The Australian Open was thrown into turmoil on Saturday when nearly 50 players were forced into hard quarantine after being identified as close contacts of positive COVID-19 cases on two charter flights to Melbourne. A total of 143 passengers and crew have been thrown into hotel quarantine, of which 27 players were players, including Urayguay’s Pablo Cuevas and Mexican player Santiago Gonzalez.
Controversially, the world-famous tennis tournament has been allowed to go ahead but with strict social distancing and hygiene rules in place, as well as multiple restrictions on pro-players and their entourages who will be arriving in the state of Victoria from Coronavirus hotspots around the world.
On Saturday, health officials in Victoria confirmed that one passenger, who is not a player but is involved in the tournament, as well as a member of aircrew had tested positive after arriving in Melbourne on a special charter flight from Los Angeles.
The crew member and passenger have been moved to a health hotel, while the other passengers, including 24 players have been placed into strict hotel quarantine. They will not be allowed to leave their rooms for 14-days and only after passing further Coronavirus tests.
Later on Saturday, Australian Open organisers confirmed that a passenger on a second charter flight from Abu Dhabi had also tested positive and that 64 other passengers, including 23 players had been identified as close contacts. They too will be placed into managed quarantine and won’t be allowed to train for the tournament until the two week isolation period is over.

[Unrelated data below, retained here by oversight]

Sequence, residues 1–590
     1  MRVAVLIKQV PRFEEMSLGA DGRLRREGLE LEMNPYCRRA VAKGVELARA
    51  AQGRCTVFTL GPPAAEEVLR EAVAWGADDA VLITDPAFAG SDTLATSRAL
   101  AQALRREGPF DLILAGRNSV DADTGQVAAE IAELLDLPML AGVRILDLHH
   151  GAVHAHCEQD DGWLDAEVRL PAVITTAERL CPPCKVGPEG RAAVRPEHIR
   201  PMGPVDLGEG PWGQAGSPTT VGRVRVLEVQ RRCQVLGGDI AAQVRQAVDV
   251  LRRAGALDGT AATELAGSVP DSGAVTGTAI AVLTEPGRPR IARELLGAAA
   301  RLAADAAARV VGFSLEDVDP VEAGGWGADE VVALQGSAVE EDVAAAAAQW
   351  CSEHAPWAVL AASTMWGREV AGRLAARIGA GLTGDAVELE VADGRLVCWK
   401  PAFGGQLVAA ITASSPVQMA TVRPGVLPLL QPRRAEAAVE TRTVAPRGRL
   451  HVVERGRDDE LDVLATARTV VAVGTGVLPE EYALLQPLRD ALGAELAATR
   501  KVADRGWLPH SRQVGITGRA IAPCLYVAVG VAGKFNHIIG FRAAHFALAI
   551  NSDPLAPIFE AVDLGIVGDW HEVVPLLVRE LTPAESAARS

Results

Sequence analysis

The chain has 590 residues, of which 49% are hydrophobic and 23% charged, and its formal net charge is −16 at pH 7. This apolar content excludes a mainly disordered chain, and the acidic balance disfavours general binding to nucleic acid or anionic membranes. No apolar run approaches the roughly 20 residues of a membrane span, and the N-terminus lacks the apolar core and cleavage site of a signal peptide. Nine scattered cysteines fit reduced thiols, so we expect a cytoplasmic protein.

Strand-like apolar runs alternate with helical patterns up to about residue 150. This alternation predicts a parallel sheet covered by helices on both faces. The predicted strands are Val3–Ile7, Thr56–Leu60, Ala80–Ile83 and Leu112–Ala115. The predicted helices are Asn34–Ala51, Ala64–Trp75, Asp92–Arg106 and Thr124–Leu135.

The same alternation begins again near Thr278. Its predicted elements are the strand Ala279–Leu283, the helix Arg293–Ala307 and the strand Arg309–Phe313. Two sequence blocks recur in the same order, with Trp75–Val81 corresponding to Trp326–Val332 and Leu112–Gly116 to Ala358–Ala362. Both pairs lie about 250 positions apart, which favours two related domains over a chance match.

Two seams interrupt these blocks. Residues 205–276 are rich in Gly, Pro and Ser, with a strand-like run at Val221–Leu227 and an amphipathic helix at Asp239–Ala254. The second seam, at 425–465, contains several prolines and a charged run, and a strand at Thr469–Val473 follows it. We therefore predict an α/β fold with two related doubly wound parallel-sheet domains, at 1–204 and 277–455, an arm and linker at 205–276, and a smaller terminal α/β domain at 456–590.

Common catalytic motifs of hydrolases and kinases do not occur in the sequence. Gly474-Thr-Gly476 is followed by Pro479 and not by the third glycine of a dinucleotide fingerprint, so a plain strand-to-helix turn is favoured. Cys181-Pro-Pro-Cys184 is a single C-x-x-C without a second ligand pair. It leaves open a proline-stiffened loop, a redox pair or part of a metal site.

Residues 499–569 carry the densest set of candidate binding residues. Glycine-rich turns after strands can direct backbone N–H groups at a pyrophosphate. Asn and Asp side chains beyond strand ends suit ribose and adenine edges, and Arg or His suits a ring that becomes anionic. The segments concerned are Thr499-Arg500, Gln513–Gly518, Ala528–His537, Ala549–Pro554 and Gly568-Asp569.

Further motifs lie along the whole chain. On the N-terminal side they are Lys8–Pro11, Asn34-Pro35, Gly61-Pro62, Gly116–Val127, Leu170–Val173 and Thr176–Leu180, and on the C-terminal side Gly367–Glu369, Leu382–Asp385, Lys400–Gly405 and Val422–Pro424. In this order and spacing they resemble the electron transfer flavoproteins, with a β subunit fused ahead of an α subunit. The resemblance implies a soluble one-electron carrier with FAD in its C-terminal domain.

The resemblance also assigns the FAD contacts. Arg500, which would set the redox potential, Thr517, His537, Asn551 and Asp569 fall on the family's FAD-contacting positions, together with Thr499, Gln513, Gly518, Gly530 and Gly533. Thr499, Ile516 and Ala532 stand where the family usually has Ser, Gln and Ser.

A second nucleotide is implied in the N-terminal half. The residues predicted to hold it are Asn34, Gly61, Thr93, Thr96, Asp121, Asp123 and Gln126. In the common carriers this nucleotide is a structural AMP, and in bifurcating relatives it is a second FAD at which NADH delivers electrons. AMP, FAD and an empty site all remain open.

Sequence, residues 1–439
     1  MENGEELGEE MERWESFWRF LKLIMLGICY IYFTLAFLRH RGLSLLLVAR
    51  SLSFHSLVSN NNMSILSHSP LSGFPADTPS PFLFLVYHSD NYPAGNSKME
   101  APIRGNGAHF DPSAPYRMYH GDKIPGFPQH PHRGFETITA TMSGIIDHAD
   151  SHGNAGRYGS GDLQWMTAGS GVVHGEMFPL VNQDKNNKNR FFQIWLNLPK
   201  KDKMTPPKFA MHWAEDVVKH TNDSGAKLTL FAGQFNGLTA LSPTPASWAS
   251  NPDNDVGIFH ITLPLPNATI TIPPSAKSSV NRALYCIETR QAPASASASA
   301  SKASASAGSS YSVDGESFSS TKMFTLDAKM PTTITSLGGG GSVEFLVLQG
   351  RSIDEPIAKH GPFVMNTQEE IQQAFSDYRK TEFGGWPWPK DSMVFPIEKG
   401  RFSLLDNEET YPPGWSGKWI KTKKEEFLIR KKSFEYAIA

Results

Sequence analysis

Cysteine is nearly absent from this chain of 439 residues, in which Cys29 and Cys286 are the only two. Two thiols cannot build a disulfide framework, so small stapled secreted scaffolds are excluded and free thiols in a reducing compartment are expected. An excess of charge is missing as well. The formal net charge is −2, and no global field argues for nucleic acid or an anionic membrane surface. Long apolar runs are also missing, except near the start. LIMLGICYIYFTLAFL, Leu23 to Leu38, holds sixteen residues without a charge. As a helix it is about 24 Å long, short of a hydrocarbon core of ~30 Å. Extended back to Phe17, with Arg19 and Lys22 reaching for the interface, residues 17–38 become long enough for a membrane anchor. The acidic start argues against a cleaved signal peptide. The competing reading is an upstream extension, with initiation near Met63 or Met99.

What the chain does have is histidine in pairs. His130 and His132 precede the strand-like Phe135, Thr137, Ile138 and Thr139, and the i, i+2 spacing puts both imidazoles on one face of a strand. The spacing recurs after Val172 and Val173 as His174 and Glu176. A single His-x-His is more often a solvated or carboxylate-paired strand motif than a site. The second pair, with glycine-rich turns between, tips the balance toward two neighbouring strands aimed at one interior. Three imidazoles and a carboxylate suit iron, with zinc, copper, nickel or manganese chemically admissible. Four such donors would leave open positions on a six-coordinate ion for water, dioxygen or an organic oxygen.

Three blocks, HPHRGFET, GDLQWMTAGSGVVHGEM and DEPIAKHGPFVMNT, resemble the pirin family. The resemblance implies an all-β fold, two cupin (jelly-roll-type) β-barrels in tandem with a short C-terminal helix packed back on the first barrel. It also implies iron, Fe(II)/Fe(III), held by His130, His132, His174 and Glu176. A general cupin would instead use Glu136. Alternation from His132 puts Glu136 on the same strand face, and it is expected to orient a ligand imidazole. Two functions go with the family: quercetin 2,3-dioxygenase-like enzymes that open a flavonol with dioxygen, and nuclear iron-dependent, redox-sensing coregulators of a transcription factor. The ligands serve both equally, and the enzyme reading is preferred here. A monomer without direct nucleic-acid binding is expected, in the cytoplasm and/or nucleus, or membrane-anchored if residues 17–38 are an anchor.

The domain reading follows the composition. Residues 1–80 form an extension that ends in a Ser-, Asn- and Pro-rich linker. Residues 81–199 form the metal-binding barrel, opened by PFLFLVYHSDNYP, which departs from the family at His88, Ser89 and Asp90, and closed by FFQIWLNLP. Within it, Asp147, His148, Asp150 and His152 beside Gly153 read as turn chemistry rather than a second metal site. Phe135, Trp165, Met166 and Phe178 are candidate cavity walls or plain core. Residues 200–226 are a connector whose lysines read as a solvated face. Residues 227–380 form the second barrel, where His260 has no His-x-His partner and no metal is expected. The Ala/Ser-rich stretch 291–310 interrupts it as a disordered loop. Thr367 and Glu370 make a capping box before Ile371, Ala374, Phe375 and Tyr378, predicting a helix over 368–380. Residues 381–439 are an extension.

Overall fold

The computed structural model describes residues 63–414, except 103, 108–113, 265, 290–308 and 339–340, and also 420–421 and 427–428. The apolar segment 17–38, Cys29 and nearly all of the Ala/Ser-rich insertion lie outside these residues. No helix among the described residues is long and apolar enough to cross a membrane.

Defending the safety measures in place, organisers said that all passengers and players on charter flights had to test negative for COVID-19 within 72-hours of travel. Organisers did not say what type of test was performed or whether rapid testing was also being used immediately prior to departure.
Marta Kostyuk, a pro tennis player from Ukraine who was a passenger onboard the Etihad Airways charter flight from Abu Dhabi posted a copy of the email she received from tournament organisers informing her of the positive case.
“Unfortunately, I have some bad news for you,” the email started. “The chief medical officer has reviewed the flight and had determined that everyone onboard needs to isolate and will be confined to their rooms for the 14 day quarantine period.”
Tennis players had been expecting quarantine-lite arrangements which would have allowed them to leave their hotel rooms for up to five hours a day in order to train in preparation for the tournament.
Organisers are now trying to work out how to ensure some players aren’t disadvantaged because they have been forced into stricter quarantine.
British pro-player Andy Murray confirmed he had been diagnosed with COVID-19 several days ago, before attempting to travel to Australia, while American Madison Keys pulled out the tournament last week after also testing positive.
Mateusz Maszczynski honed his skills as an international flight attendant at the most prominent airline in the Middle East and has been flying throughout the COVID-19 pandemic for a well-known European airline. Matt is passionate about the aviation industry and has become an expert in passenger experience and human-centric stories. Always keeping an ear close to the ground, Matt's industry insights, analysis and news coverage is frequently relied upon by some of the biggest names in journalism.